"I have heard that at the end of life, a previously deceased loved one sometimes comes to show you across the divide. It is actually part of hospice training.
I was ED of a small retirement home. The guy named Al, 97, had been there for ten years, long before I showed up. Great guy. His wife had fallen and broken her hip, so he arranged for them to move in once she rehabbed. They had married at 18 and had never slept apart before. She was getting better, so he made the move and prepared a place for his beloved bride. He hung a plaque next to the door that said 'Al and Edith Olafsen.' She died in rehab. He kept the plaque hanging there for ten years to honor his beloved bride who never saw the place.
Al did not show up for dinner one day and I went to check on him. I entered the apartment and there sat Al, in one wing chair, facing the other wing chair, which had been moved to face him. I asked what was wrong and he said, motioning to the other chair, 'She says she won't go to the dining room. I don't know what to do.' My blood ran cold, but I got it together and suggested he come on down and eat with the guys and I can do a room service tray for Edith. He looked troubled but got up and headed to the door. We got to the hall and he stopped and said, 'Julius, I am really worried about her. Would it be too much trouble to get us both room service so I can eat with her?'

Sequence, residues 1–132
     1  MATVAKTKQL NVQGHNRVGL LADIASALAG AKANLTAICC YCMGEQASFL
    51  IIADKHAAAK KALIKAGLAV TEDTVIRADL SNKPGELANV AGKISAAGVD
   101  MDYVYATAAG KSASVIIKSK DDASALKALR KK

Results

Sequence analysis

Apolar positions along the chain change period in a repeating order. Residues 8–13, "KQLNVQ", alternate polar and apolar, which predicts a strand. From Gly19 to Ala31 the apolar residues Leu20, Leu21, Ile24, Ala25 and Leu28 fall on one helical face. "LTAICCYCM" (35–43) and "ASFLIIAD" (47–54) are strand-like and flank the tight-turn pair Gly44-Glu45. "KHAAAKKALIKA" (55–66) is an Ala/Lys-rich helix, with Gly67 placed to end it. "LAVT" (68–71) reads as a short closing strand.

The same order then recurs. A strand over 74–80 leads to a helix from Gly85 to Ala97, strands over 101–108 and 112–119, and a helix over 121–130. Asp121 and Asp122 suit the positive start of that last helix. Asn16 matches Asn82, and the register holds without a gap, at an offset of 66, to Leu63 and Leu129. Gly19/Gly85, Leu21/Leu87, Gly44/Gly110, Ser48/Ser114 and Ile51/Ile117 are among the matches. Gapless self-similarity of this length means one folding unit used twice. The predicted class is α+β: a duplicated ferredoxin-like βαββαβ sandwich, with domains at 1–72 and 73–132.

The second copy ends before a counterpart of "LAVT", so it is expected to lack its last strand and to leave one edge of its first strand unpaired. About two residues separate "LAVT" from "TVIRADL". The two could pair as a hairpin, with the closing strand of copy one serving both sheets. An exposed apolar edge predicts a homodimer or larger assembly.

I went to the kitchen and ordered two trays for #11, as Al had a guest. Chef asked who the guest was, and I said, 'Edith.' She teared up and made the trays.
We served them both three meals a day for three days, with Al getting increasingly concerned about his beloved bride not eating, despite his insistence. He'd sometimes argue with her right in front of me but she just wasn't hungry because she had been dead ten years. Then came the day that we all knew was coming. Sometime between dinner and breakfast, Edith took Al home to the place she had prepared for her dashing groom..."
"I work on a medicine unit and we get all kinds of dementia/delirium patients. One night, we had a woman, who was totally with it, say she needed to call her husband. We tried to talk her out of it because it was the middle of the night but she wouldn't let it go, so we let her. She told him she had to call because of the heart attack that was going to happen the next day. We told her she'd be fine, there was no reason for her to have a heart attack. Well, sure enough, the next night we came back and she'd had some kind of cardiac episode. She survived and has since been discharged, but we were pretty spooked when we found out it actually ended up happening."
"I was working a couple summers ago when the entire hospital was short staffed. They were offering double incentive pay ($20/hour on top of over time). The catch was you had to pick up through the float pool so they would assign you to any random unit that needed you. I got the call that I was to go to 7 South. After a lot of confusion and being turned away from 7 North, I found where I was supposed to go.